While Orban’s actions have provoked opposition, they have been applauded by populists in the EU, with prominent far-right figures floating the idea of forging a pan-European alliance ahead of next year’s elections.

The Commission, headed by EPP member Jean-Claude Juncker, has repeatedly clashed with Orban’s government, especially since Budapest refused to admit asylum seekers under an EU scheme launched at the height of the migration crisis in 2015.

In July, the EU executive body warned it could take Budapest to the European Court of Justice over laws under which anyone assisting an undocumented migrant could be jailed for a year.

The top EU court could impose fines, which would be less drastic for Hungary than losing its voting rights.

The vote was hailed as “historic” by Berber Biala-Hettinga, Amnesty International’s expert on human rights in the EU.

“The European Parliament rightly stood up for the Hungarian people and for the EU. They made it clear that human rights, the rule of law and democratic values are not up for negotiation,” she said.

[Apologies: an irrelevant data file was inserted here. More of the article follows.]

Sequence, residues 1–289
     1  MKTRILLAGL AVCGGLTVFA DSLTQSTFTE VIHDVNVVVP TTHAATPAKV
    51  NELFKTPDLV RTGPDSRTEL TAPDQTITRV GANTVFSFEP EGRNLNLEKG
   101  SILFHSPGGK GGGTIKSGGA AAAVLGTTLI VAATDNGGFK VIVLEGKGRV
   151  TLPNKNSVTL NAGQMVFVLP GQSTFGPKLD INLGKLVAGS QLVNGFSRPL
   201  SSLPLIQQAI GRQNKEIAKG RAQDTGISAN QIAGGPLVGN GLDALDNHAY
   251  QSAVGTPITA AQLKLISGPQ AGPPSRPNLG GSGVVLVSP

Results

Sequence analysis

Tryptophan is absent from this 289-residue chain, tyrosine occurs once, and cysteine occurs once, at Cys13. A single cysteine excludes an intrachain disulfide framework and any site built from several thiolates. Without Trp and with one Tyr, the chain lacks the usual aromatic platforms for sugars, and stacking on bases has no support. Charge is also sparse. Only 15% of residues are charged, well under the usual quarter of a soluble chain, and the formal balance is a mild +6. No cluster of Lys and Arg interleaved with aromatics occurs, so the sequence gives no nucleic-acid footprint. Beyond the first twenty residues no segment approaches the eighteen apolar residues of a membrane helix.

Jonathan Inaugurates Campaign Organisation

JonathanPresident Goodluck Jonathan has inaugurated his campaign organisation and once again assured Nigerians and the international community that the general elections would be free, fair and credible.

The President gave the assurance in Abuja, the nation’s capital on Tuesday at the inauguration ceremony.

President Jonathan said the election would ensure continuity of democracy in the oil rich nation.

He enjoined other party leaders to encourage members of the campaign organisation to ensure that all campaigns were issue-based.

The president also commissioned campaign vehicles for the election, marking the beginning of the party’s campaign ahead of the elections that will hold in February.

With just over 30 days to the elections, the party will be going round the country to meet with Nigerians, canvass for votes and ensure victory for the party in next month’s elections.

The inauguration was earlier scheduled to hold on monday but it was shifted by the President following the death of his younger sister, Mrs. Nancy Jonathan-Obei.

The dignitaries, who had gone to the Legacy House, the president’s campaign headquarters in Maitama, waited until 3:00pm for the arrival of the President, only to be told that the inauguration had been suspended.